According to Sri Aurobindo himself, Ilion, whose title was then “The fall of Troy, Epic“, was “Commenced in jail, 1909, resumed and completed in Pondicherry, April and May 1910 “, therefore a few years before he started Savitri, since the earliest known manuscript of Savitri is dated 1916. (The information related to the composition of Ilion has been drawn from two books: « A commentary on Sri Aurobindo’s Poem ILION » by V.Murugesu, and « Ilion ou La Chute de Troie », annotated translation in French by Raymond Thépot.)

We do not know if, lacking the necessary material to write in prison, he “entrusted it to his memory”, as he claims to have done with other poems, noting them down on paper only after his release. Indeed, Sri Aurobindo had an extraordinary memory, attested by many witnesses.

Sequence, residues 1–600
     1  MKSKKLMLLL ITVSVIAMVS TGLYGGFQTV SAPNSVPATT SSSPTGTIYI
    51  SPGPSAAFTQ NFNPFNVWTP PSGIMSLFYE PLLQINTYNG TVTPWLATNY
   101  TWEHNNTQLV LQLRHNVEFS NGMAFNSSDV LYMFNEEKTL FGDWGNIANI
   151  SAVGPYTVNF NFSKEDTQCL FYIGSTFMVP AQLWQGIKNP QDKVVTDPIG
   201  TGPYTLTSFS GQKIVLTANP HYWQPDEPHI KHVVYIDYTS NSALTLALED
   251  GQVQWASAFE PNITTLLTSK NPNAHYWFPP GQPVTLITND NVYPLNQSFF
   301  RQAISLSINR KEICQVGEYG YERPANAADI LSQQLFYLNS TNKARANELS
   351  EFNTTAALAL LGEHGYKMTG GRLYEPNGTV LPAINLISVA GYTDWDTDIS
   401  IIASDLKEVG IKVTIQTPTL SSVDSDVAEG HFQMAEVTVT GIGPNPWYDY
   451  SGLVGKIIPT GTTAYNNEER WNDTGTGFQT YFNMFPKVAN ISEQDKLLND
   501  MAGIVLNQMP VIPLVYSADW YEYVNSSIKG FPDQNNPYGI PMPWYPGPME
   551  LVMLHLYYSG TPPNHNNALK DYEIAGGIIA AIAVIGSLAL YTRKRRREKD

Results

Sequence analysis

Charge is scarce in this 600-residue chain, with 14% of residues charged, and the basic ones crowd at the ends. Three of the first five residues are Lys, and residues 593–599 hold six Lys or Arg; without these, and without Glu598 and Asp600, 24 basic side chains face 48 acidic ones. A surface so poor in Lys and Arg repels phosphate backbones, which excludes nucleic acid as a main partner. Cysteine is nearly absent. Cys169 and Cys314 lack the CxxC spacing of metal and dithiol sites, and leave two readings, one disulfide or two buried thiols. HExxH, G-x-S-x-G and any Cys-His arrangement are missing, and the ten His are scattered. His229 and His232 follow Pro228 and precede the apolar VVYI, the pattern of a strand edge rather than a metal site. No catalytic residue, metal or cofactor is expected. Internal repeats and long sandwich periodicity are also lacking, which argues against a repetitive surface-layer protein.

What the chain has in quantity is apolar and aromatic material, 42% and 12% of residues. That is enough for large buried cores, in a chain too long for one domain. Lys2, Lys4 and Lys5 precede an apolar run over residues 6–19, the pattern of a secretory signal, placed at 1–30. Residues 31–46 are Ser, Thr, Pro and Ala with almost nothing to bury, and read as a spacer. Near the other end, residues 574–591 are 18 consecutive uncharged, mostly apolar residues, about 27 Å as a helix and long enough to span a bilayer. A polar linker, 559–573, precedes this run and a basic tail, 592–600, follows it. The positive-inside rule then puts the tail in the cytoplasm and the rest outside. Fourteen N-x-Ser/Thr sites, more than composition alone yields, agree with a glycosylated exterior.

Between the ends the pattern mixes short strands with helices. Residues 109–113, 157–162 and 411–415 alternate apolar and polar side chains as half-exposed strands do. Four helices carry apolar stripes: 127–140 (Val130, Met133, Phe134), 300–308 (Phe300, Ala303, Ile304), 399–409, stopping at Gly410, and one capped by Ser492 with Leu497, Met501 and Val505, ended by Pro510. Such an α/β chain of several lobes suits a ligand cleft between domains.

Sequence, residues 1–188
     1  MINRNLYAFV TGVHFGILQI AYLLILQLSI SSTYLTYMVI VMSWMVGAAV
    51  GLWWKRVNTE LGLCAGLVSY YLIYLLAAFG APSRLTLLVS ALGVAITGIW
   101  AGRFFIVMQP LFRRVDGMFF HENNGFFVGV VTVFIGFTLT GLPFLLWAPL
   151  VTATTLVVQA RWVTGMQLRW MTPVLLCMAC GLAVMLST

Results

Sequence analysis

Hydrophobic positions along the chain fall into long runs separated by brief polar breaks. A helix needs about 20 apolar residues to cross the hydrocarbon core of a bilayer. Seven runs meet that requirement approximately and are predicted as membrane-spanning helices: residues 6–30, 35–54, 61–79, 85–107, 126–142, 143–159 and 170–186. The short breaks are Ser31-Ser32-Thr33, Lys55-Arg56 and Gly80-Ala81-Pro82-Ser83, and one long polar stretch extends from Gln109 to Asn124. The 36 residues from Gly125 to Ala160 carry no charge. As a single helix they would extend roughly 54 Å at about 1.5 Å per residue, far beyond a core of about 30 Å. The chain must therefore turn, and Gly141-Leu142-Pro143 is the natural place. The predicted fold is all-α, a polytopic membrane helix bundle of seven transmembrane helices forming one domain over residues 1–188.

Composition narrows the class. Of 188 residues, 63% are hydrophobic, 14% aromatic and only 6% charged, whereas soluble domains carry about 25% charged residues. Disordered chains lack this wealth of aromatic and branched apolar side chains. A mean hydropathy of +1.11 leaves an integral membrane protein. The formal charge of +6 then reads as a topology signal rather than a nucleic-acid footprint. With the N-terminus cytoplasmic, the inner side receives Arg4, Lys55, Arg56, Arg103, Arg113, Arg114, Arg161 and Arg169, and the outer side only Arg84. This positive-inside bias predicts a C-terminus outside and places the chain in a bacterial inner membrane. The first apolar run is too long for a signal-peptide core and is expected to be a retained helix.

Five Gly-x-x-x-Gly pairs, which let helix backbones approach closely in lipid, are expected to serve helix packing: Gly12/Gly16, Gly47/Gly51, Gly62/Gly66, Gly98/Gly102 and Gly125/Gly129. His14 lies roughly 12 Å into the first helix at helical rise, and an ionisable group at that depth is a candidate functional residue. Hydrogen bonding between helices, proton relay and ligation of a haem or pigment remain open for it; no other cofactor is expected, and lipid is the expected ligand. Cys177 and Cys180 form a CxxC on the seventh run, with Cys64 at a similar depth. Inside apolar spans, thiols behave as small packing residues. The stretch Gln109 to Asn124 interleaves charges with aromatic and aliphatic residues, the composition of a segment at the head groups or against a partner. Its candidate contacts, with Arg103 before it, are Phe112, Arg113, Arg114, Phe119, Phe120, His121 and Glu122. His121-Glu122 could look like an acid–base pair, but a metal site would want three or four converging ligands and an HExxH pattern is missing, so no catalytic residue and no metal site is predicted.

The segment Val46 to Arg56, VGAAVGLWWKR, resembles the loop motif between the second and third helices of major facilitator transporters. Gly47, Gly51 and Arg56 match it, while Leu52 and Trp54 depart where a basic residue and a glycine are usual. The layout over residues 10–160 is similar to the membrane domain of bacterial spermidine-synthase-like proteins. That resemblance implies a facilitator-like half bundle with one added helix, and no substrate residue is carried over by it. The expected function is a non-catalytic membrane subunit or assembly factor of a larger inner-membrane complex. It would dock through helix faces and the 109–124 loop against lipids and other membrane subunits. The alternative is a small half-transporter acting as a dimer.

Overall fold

Between 1910 and 1917, he transformed the poem from a brief narrative into an epic made up of several books, but then gave the priority to the monthly journal Arya and to Savitri.

In the “Note on the texts” of “Collected poems”, we can read:

“During the twenties and thirties, Sri Aurobindo returned to Ilion from time to time. As late as 1935, he complained jocularly that if he could get an hour’s freedom from his correspondence every day: in another three years Savitri and Ilion and I don’t know how much more would all be rewritten, finished, resplendently complete.